TLR2-dependent modulation of osteoclastogenesis by Porphyromonas gingivalis through differential induction of NFATc1 and NF-kappaB.
ABSTRACT Osteolytic diseases, including rheumatoid arthritis, osteomyelitis, and periodontitis, are usually associated with bacterial infections. However, the precise mechanisms by which bacteria induce bone loss still remain unclear. Evidence exists that Toll-like receptor (TLR) signaling regulates both inflammation and bone metabolism and that the receptor activator of NF-κB ligand (RANKL) and its receptor RANK are the key regulators for bone remodeling and for the activation of osteoclasts. Here, we investigate the direct effects of the periodontal pathogen Porphyromonas gingivalis on osteoclast differentiation and show that P. gingivalis differentially modulates RANKL-induced osteoclast formation contingent on the state of differentiation of osteoclast precursors. In addition, although an optimal induction of cytokines by P. gingivalis is dependent on TLR2 and TLR4, as well as myeloid differentiation factor 88 and Toll/IL-1R domain-containing adaptor-inducing IFN-β, P. gingivalis utilizes TLR2/ myeloid differentiation factor 88 in modulating osteoclast differentiation. P. gingivalis modulates RANKL-induced osteoclast formation by differential induction of NFATc1 and c-Fos. More importantly, RANKL-mediated lineage commitment also has an impact on P. gingivalis-induced cytokine production. RANKL inhibits P. gingivalis-induced cytokine production by down-regulation of TLR/NF-κB and up-regulation of NFATc1. Our findings reveal novel aspects of the interactions between TLR and RANK signaling and provide a new model for understanding the mechanism underlying the pathogenesis of bacteria-mediated bone loss.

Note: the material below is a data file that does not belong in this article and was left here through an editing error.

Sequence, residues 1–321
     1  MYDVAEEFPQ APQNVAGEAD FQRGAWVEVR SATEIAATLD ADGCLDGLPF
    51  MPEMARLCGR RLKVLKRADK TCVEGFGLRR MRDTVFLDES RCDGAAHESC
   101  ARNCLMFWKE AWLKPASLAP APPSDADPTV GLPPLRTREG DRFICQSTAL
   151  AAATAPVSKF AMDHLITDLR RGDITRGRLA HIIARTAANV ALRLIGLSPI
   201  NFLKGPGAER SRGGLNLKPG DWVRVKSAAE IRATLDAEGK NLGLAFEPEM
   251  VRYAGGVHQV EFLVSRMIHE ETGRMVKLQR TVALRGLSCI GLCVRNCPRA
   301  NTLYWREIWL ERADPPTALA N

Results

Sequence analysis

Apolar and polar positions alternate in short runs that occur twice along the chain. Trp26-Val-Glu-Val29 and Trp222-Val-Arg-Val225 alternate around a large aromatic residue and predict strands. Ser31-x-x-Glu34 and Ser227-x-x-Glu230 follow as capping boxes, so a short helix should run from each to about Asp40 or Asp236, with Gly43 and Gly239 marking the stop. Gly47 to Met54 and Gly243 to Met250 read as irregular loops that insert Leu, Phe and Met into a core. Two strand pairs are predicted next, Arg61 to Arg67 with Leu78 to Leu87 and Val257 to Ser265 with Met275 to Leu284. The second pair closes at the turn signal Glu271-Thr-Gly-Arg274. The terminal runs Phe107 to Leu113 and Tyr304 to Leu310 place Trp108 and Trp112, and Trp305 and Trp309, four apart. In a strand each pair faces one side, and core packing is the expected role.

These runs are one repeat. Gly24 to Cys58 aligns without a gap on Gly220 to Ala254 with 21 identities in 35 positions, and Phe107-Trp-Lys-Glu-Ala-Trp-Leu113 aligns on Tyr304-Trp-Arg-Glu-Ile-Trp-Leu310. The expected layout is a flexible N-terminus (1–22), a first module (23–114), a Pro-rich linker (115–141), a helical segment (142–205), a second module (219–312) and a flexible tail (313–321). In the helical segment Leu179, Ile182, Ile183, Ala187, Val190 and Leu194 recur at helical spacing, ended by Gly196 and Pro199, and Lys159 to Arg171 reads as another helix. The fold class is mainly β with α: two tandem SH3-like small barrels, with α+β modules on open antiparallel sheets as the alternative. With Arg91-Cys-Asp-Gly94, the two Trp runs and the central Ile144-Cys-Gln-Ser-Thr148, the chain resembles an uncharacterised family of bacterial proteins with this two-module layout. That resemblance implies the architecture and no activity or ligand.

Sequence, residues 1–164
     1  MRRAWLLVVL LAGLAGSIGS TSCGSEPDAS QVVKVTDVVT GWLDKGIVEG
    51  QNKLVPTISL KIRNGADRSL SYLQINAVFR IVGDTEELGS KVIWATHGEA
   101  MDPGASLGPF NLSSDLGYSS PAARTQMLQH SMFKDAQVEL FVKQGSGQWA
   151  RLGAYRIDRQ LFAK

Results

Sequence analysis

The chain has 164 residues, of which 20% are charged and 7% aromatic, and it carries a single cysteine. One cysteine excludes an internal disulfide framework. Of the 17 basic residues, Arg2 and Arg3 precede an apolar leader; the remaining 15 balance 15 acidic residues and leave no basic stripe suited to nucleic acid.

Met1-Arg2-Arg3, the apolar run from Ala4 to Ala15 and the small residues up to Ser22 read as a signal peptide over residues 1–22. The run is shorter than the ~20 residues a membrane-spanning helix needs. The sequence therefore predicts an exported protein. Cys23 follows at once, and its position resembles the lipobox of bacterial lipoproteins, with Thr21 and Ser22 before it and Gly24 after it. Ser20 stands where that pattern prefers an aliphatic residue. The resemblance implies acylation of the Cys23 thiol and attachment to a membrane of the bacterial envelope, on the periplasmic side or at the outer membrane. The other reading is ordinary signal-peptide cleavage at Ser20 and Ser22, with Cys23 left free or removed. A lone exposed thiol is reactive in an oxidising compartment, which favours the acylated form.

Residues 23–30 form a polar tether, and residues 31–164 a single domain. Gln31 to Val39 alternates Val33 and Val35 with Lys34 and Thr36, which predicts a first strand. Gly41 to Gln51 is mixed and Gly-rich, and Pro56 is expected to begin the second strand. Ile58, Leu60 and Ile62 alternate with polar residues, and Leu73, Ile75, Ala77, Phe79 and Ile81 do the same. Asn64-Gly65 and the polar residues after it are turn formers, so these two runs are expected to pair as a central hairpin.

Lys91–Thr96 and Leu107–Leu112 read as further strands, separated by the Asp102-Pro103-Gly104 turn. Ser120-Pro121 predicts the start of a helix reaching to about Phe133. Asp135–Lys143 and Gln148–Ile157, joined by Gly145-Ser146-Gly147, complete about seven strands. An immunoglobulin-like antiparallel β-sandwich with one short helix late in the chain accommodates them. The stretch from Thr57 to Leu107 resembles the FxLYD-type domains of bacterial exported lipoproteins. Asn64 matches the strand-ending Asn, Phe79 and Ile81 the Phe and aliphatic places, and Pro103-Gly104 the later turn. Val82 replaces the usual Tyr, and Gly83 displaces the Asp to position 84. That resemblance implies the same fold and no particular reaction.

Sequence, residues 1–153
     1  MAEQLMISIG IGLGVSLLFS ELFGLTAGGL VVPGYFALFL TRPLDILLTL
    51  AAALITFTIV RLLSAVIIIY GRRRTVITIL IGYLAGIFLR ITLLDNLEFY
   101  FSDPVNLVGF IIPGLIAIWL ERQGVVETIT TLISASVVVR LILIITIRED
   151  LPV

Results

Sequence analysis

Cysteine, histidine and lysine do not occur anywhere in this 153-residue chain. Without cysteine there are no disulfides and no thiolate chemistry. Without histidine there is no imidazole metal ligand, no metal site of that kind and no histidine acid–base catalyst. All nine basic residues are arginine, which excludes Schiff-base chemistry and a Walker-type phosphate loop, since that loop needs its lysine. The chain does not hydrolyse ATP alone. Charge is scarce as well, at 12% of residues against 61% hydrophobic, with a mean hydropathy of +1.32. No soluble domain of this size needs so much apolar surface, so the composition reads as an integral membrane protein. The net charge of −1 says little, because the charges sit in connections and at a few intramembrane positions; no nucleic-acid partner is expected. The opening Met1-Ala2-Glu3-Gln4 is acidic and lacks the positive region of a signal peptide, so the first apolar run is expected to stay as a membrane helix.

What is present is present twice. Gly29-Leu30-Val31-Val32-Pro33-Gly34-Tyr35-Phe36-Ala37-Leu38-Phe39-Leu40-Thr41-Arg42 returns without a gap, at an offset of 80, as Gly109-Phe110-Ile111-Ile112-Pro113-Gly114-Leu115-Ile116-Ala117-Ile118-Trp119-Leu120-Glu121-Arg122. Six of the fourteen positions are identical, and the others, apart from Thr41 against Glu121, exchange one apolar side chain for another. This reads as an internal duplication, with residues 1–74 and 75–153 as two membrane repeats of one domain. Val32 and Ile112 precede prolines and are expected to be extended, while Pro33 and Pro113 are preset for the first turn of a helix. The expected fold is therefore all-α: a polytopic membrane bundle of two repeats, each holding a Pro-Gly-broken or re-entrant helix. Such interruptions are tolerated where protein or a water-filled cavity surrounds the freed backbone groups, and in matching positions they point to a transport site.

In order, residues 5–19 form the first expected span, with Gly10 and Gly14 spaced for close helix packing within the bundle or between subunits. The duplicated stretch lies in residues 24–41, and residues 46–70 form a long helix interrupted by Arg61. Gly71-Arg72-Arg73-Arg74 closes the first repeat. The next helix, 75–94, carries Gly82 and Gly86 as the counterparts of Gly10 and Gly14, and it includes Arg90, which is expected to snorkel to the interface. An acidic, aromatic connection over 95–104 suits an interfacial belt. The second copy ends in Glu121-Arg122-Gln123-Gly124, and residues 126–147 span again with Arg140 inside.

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ABSTRACT: The innate host response to lipopolysaccharide (LPS) obtained from Porphyromonas gingivalis is unusual in that different studies have reported that it can be an agonist for Toll-like receptor 2 (TLR2) as well as an antagonist or agonist for TLR4. In this report it is shown that P. gingivalis LPS is highly heterogeneous, containing more lipid A species than previously described. In addition, purification of LPS can preferentially fractionate these lipid A species. It is shown that an LPS preparation enriched for lipid A species at m/z 1,435 and 1,450 activates human and mouse TLR2, TLR2 plus TLR1, and TLR4 in transiently transfected HEK 293 cells coexpressing membrane-associated CD14. The HEK cell experiments further demonstrated that cofactor MD-2 was required for functional engagement of TLR4 but not of TLR2 nor TLR2 plus TLR1. In addition, serum-soluble CD14 effectively transferred P. gingivalis LPS to TLR2 plus TLR1, but poorly to TLR4. Importantly, bone marrow cells obtained from TLR2(-/-) and TLR4(-/-) mice also responded to P. gingivalis LPS in a manor consistent with the HEK results, demonstrating that P. gingivalis LPS can utilize both TLR2 and TLR4. No response was observed from bone marrow cells obtained from TLR2 and TLR4 double-knockout mice, demonstrating that P. gingivalis LPS activation occurred exclusively through either TLR2 or TLR4. Although the biological significance of the different lipid A species found in P. gingivalis LPS preparations is not currently understood, it is proposed that the presence of multiple lipid A species contributes to cell activation through both TLR2 and TLR4.Infection and Immunity 10/2004; 72(9):5041-51. · 4.07 Impact Factor